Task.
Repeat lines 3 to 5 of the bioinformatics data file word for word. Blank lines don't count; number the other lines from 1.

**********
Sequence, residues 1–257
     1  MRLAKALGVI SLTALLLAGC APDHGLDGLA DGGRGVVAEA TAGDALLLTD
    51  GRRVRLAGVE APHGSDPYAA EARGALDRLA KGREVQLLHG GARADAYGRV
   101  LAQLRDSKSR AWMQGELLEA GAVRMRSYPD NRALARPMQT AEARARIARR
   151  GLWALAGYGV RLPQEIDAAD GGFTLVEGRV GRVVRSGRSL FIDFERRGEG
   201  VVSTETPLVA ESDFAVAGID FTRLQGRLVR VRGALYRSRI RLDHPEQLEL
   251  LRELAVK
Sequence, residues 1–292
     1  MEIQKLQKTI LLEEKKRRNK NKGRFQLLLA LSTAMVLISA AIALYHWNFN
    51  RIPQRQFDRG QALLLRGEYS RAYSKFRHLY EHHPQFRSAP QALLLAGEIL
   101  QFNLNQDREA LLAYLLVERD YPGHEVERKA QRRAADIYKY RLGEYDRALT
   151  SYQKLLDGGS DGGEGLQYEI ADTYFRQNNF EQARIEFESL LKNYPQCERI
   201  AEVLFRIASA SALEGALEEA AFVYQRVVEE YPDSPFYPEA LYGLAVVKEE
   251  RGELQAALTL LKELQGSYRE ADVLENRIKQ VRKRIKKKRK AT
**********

    51  GRRVRLAGVE APHGSDPYAA EARGALDRLA KGREVQLLHG GARADAYGRV
   101  LAQLRDSKSR AWMQGELLEA GAVRMRSYPD NRALARPMQT AEARARIARR
   151  GLWALAGYGV RLPQEIDAAD GGFTLVEGRV GRVVRSGRSL FIDFERRGEG